Defense advocates and Pentagon officials keep telling us that if DoD gets one less cent as part of austerity budgets, America would be left defenseless against terrorists and communist would-be invaders who seek to destroy us. But their case might be a lot more compelling if they could show that DoD was wiser about spending the money it gets now. Your latest example comes from USA Today, where Tom Vanden Brook reports that the Pentagon has spent about $720 million since 2001 on late fees for shipping containers -- those ubiquitous metal boxes that haul just about everything to and from the war zone.
That kind of money would buy the Navy a littoral combat ship with change left over, or the Army about 42 Ground Combat Vehicles (at CAPE's $17 million per vehicle projection.) But instead of spending it on things it now says are priorities, the Defense Department paid it to shippers because it kept their containers past the agreed-upon limits. With an unlimited cashflow, why not, right? It makes you wonder how much more of this kind of thing takes place across the board.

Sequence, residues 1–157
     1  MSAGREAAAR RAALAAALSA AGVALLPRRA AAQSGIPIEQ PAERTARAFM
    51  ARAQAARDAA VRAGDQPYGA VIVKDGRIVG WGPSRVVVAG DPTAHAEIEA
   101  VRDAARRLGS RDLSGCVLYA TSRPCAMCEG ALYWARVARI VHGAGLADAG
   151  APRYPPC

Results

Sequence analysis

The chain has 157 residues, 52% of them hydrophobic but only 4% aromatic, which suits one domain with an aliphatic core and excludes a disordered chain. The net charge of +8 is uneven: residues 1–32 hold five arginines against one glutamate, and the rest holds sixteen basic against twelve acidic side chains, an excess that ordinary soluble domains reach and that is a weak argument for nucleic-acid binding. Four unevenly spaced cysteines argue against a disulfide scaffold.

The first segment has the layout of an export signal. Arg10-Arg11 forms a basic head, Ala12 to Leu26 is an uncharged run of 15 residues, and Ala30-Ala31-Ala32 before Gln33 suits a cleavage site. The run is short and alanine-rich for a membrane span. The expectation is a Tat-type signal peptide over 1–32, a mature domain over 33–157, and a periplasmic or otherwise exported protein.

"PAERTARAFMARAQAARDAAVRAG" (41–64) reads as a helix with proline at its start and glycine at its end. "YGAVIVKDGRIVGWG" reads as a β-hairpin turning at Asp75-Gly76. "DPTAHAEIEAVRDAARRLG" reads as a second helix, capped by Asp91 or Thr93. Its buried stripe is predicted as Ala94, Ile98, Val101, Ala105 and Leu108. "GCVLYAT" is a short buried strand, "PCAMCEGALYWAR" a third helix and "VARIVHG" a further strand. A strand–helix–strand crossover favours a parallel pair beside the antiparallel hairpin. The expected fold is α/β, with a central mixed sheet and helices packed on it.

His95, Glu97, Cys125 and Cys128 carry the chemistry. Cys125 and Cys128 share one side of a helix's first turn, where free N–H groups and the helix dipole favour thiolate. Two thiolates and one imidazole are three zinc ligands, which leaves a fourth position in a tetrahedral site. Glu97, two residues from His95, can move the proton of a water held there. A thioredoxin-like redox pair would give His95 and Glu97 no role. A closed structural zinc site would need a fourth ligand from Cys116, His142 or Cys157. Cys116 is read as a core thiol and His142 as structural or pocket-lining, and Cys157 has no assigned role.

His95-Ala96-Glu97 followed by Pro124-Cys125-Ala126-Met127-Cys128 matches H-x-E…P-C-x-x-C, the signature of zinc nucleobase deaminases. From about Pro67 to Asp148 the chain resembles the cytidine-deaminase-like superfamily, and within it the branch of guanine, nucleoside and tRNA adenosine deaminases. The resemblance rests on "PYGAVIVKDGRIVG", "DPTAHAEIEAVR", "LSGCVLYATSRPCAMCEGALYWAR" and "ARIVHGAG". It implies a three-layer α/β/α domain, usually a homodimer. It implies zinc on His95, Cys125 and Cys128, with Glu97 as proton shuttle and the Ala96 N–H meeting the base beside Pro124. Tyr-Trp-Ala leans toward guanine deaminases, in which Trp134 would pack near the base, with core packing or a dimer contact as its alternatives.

Is defense spending just inherently, inevitably wasteful? Neither the services nor OSD seem to be able to take any real action to prevent stories like Vanden Brook's from happening again. Members of Congress stay oblivious until headlines like this appear, and then thunder on about how it's 'unacceptable,' and then a blue-ribbon panel convenes to take a hard look and get input from all the key stakeholders. Its result is something such as the Army Acquisition Report, which then disappears down the memory hole. The public shrugs -- stories about Pentagon waste are so common they don't even register.
Could budget cuts break this cycle -- force defense officials to actually get serious about being efficient by denying them the spending cushion they've been able to count on? What do you think could work?